Object name: NGC5673

Designation(s): NGC5673, IC1029,

As you should know by now I'm fascinated by flat galaxies, those with little to no central bulge. The Flat Galaxy Catalog contains the strictest rules for what it considers as flat. Less strict is the 2-micron survey's flat galaxy catalog. I search both for good targets. When the 2MFGC came up with 2 in the same field and they were big and bright NGC and IC galaxies I had to put that field on my to-do list. When I took the field I centered on the bigger and brighter of the two assuming it was the NGC galaxy and gave that name to the field. The Sky working with CCDSoft names the subs with the central object. I was more than a little surprised when it came up with that being the IC galaxy. I was sure it had screwed up. Turns out it did and it didn't. I'll save the complications for later. But it is true the IC galaxy is the bigger and brighter of the two so I'll start there since it is front and center.

IC 1029 is a surprisingly big and bright galaxy in the IC catalog and a rather classic rather edge-on spiral classified SAb: by NED and Sb?? by the Seligman. It was "discovered" by Guillaume Bigourdan on June 14, 1887 and lies some 110 million light-years distant by redshift and 140 million light-years away by other measurements. While in the 2MFGC I see some central bulge to it, more than I expected for a galaxy in this catalog. Apparently, its length was great enough to overcome the bulge as far as the catalog's criteria require. It is 95,000 to 120,000 light-years across depending on which of several distances you assume is correct. I'm favoring the larger distance and size for reasons I'll get to shortly.

While sources give credit for finding to Bigourdan it really was first seen by William Herschel. But due to an error by John Herschel that finding was ascribed by Dreyer to the wrong galaxy. That brings us to NGC 5673 that is officially discovered by William Herschel on May 15, 1787 but was never seen by Herschel who was really looking at IC 1029. Oddly John Herschel must have seen both but ascribed this one to his dad in error. He must have seen the IC galaxy long before Bigourdan yet never gets the credit for its discovery some reason I can't find other than he never seems to mention it but in passing being more concerned with "correcting" his dad's error that wasn't an error. For more on this mix-up see the write up for NGC 5673 in the NGC Project. Edit: Since I wrote this the NGC project went down. It is now partly up and keeps saying it will return but nothing more has happened for over a year. Once up again, if it happens, then you can check it out. For now see Steve Gottlieb's pages on the NGC and IC at:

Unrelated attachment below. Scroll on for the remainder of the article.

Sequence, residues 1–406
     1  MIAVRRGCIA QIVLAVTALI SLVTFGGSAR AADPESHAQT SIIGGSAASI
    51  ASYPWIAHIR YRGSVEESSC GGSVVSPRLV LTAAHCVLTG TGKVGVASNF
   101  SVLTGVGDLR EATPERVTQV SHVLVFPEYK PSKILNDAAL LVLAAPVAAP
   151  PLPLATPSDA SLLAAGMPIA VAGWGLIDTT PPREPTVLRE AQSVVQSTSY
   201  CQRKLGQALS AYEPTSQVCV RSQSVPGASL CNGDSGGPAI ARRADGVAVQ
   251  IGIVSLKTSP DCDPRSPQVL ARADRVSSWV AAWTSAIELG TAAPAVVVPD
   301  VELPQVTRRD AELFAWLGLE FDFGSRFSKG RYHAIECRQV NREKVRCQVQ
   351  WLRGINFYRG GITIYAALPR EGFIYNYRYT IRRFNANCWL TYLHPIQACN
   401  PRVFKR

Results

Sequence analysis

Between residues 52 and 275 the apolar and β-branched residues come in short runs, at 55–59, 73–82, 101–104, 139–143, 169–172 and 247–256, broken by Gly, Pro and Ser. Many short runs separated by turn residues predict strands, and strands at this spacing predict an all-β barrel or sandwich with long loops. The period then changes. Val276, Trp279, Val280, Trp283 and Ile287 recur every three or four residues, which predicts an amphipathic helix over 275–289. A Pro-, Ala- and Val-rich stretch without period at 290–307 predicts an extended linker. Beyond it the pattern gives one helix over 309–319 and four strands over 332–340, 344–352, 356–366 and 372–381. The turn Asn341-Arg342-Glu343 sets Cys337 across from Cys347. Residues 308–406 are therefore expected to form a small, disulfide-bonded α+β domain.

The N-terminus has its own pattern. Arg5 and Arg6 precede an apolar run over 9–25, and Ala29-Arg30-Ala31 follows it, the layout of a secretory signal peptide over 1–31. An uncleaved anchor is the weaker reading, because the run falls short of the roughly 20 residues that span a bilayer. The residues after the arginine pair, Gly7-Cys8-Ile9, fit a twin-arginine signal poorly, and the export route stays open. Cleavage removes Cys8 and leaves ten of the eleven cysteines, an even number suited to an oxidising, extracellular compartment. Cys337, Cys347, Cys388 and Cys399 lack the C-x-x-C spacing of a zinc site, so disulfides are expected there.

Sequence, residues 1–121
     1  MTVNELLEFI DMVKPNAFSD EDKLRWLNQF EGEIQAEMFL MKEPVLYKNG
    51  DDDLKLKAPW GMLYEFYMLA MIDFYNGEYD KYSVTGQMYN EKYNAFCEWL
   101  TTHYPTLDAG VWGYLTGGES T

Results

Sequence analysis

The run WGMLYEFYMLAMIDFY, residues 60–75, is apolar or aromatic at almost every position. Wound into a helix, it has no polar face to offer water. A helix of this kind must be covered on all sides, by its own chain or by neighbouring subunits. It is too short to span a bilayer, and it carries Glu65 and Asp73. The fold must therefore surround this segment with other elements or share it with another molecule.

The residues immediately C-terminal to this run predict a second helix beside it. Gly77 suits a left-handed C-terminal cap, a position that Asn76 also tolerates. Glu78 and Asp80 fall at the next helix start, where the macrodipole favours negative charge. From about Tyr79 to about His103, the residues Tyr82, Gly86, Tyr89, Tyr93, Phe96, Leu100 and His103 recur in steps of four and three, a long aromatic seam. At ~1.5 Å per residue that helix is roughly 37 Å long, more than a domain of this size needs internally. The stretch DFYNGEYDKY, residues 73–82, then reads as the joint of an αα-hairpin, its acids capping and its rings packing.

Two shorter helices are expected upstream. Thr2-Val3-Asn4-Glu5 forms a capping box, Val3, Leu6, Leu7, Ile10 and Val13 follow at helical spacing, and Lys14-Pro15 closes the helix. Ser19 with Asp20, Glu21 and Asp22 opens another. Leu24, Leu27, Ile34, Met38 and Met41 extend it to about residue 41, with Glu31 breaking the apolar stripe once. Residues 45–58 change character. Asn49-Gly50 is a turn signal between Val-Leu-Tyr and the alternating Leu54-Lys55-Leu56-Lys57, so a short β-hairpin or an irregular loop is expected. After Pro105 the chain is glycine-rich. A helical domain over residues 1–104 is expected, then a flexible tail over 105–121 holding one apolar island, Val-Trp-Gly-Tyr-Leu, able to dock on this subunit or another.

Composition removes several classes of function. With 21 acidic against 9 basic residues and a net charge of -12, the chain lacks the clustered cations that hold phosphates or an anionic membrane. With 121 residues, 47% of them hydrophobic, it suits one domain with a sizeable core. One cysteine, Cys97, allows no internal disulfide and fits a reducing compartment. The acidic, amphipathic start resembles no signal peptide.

Due to this mix up its difficult to put a discoverer on these two. I'm going to say IC 1029 was really first seen by Herschel. Since the date of his entry some say is IC 1029 but he likely couldn't see is May 15, 1787. IC 1029 was likely discovered by Guillaume, Bigourdan on June 14, 1887. Most sources, however, stick with the reverse that couldn't have happened.

NGC 5673 is a much lower surface brightness spiral and bluer than its companion. Its core appears flatter to me. NED and Seligman classify it as SBc? and SBc respectively while the NGC project says Sc (no bar). I can't say I see one but they are so hard to detect visually in near edge on galaxies I'm not going to take sides here. Its distance is 100 million light-years by redshift and 130 million by other means. Note the difference between the two measurements for these to galaxies is similar. Makes me think they are related having the same motion through space in our direction reducing their true distance. Hence I'm going with the non-redshift distances here as being more likely correct. I measure its size as 72,000 to 93,000 light-years across.

There turned out to be a third 2MFGC galaxy in the image about 5 times more distant to the lower right in my image. I can't say it appears all that flat to my eye but my resolution isn't all that great either.

There are quite a few galaxies at about 950 million light-years scattered all over the field. More are on the right side than left. Though the biggest is LEDA 2352876 in the lower left. Beyond it is a very low surface brightness blue galaxy without any redshift data and only an SDSS position that I could find. It looks rather interesting but would need a lot of time to bring out its details due to its very low surface brightness. Even the core appears blue, just not nearly as blue as the rest of the galaxy. Wish I knew something about its distance.

Arp made a big deal out of fields around disturbed active looking galaxies that had quasars around them. He even developed a theory that quasars were nearby objects ejected from such galaxies and their redshift increased with their age. Really off the wall stuff that required new physics to support it. Right on the edge of crackpot but never going over the brink. But here is a field with two rather ordinary galaxies with lots of quasars around them. Several more are just off the top of my image. I wonder how he'd have dealt with this field.

This image hit severely by an aurora. The aurora was dying down when I took a prior image but then came back to life in the middle of this one. Not as strong but strong enough to greatly hinder my signal to noise ratio. This again forced me to over-process the background to remove all the color noise the aurora added to the image. Due to how strong it was in red and green I'm not all that sure of my color balance. I had to do a lot of correcting I normally avoid. Though all color correction as applied globally I'm hoping it is fairly accurate as I don't think the aurora would be all that different across my very small field of view.

14" LX200R @ f/10, L=4x10' RGB=2x10', STL-11000XM, Paramount ME